Music / “Two Worlds”, The Oriana Chorale, directed by Dan Walker, flautist Sally Walker. At Belco Arts Centre, August 20. Reviewed by LEN POWER.
THE Oriana Chorale’s new concert, “Two Worlds”, is inspired by the words of Alice Eather, an Aboriginal Australian poet, environmental campaigner and teacher from Arnhem Land in the NT.
In her poem “Yúya Karrabúra” (Fire Is Burning), she refers to her dual heritage of First Nation peoples and Europeans as the two worlds she walks between, saying: “I’m living and breathing this story of black and white”.
Chorale director Dan Walker created a choral work from Eather’s poem and it was one of the works presented in this unique concert.
Other works were by composers Michael Atherton, Gordon Hamilton (with William Barton), Peter Sculthorpe, Ross Edwards and Stephen Leek.
A new work, “Clock”, by Christopher Sainsbury and Darryl Griffen, a modern response to climate change, was commissioned by the Oriana Chorale and given its world premiere in this concert. It was a beautiful, thoughtful work with dramatic moments contrasting with hints of sadness and reflection but ultimately optimism.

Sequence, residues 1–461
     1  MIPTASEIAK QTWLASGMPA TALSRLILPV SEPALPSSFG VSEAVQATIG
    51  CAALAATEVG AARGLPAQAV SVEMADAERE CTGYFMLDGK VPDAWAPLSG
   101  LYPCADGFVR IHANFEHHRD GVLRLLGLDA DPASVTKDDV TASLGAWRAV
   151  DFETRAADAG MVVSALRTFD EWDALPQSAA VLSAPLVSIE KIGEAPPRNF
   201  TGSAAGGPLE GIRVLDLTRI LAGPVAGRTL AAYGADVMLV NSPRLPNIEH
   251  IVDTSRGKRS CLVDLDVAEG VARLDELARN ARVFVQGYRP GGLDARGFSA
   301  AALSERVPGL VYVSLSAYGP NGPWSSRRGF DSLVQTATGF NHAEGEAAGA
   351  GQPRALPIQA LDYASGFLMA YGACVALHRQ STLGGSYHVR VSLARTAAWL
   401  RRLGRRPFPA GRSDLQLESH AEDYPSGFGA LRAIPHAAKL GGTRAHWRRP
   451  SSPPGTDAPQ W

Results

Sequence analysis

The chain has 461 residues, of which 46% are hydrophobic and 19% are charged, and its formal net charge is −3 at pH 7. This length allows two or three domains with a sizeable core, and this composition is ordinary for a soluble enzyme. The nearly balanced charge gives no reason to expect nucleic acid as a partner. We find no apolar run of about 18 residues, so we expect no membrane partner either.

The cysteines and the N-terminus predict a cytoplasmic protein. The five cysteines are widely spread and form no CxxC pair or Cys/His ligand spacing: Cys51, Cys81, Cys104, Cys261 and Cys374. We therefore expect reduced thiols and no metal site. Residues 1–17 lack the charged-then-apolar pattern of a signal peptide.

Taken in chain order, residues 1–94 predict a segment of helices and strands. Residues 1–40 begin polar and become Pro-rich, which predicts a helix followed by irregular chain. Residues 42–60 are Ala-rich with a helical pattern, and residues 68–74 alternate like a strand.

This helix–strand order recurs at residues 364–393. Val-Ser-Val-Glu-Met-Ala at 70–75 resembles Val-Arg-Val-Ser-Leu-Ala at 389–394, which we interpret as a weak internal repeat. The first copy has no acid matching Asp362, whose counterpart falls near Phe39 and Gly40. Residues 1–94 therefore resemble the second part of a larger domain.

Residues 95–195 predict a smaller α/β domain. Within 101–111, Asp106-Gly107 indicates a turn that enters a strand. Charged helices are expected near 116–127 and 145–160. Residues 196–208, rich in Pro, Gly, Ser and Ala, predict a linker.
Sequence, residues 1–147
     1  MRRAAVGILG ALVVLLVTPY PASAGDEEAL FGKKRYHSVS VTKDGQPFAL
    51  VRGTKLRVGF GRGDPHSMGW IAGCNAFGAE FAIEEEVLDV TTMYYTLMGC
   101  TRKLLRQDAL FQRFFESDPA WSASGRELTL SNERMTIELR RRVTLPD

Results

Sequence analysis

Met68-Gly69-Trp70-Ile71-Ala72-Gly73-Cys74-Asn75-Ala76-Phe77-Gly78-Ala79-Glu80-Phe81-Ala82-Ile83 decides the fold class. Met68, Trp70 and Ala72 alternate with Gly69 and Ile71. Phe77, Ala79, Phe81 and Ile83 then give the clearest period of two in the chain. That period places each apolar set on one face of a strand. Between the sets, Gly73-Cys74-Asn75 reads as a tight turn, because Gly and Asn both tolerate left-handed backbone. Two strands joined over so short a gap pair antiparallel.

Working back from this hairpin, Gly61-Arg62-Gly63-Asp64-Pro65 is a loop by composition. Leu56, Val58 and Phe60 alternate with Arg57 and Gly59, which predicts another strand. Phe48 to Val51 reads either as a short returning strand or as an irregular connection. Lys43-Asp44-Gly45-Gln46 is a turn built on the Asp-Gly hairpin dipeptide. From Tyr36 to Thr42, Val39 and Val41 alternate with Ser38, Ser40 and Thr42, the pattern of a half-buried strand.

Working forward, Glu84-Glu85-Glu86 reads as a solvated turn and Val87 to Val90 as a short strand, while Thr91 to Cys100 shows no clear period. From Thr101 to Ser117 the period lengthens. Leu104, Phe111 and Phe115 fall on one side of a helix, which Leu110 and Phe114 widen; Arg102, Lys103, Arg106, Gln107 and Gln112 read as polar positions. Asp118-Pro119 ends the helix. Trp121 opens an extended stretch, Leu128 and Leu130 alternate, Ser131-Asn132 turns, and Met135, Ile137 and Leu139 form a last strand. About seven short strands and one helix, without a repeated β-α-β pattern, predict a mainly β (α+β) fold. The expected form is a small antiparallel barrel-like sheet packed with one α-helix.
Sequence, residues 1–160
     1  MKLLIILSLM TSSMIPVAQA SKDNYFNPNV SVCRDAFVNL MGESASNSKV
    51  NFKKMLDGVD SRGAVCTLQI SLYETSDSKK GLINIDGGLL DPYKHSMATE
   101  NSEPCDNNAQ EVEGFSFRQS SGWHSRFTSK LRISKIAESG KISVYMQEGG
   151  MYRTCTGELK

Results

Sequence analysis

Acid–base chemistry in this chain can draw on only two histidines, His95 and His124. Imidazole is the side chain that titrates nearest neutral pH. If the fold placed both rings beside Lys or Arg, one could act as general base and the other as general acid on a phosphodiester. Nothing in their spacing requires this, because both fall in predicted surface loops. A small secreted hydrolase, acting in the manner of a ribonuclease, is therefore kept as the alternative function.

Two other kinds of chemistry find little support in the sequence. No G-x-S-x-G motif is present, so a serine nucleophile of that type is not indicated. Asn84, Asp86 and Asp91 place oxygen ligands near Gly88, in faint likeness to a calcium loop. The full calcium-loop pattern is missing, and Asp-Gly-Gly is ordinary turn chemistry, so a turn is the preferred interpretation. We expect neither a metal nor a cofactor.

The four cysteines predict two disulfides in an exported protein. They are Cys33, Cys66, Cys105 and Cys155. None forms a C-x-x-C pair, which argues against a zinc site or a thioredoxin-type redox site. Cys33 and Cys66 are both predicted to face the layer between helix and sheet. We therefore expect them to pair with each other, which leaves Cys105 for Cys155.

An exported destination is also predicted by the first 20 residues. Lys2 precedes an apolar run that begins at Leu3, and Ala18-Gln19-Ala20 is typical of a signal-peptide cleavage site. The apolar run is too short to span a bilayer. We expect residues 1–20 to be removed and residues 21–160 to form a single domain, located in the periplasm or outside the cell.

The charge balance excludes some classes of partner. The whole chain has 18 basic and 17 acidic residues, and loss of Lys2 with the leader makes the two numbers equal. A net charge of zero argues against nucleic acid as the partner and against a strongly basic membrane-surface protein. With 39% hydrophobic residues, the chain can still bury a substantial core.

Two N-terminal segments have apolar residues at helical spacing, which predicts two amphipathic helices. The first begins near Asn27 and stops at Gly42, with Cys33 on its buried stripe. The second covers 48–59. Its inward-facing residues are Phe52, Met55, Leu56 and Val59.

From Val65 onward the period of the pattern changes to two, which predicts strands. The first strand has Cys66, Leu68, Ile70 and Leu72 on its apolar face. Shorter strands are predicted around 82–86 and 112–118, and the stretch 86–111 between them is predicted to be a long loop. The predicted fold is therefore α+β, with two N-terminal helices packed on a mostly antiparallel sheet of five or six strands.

It was an impressive achievement by Dan Walker and the Chorale singers to present such a wide-ranging program, most of it in the original languages of the works. It was sung with confidence and clarity throughout. The unfamiliar and constantly shifting rhythms and parts would have been a challenge to learn and sing.
The result was an evening of fine singing and an educating insight into the astounding range of music to be found in First Nation cultures. There were rousing, chanting works throbbing with life and joy, melodic works of great beauty, quietly dramatic works of sadness as well as surprising moments of cheeky humour.
Flautist Sally Walker, gave beautiful solo performances of “Ulpirra” and “Water Spirit Song”, both by Ross Edwards, and added an extra element of emotion to works performed by the singers, including the exquisite “Lullaby From Requiem” by Peter Sculthorpe.
Stephen Leek’s “Great Southern Spirits”, a fabulous soundscape of ancient Australia was the perfect finale for the program. Its vivid section, “Uluru”, which conjured up images of thoughtless tourists on the sacred rock, brought Alice Eather’s plea for continuing dialogue full circle.
The performance will be repeated at the Drill Hall Gallery, ANU, August 25.
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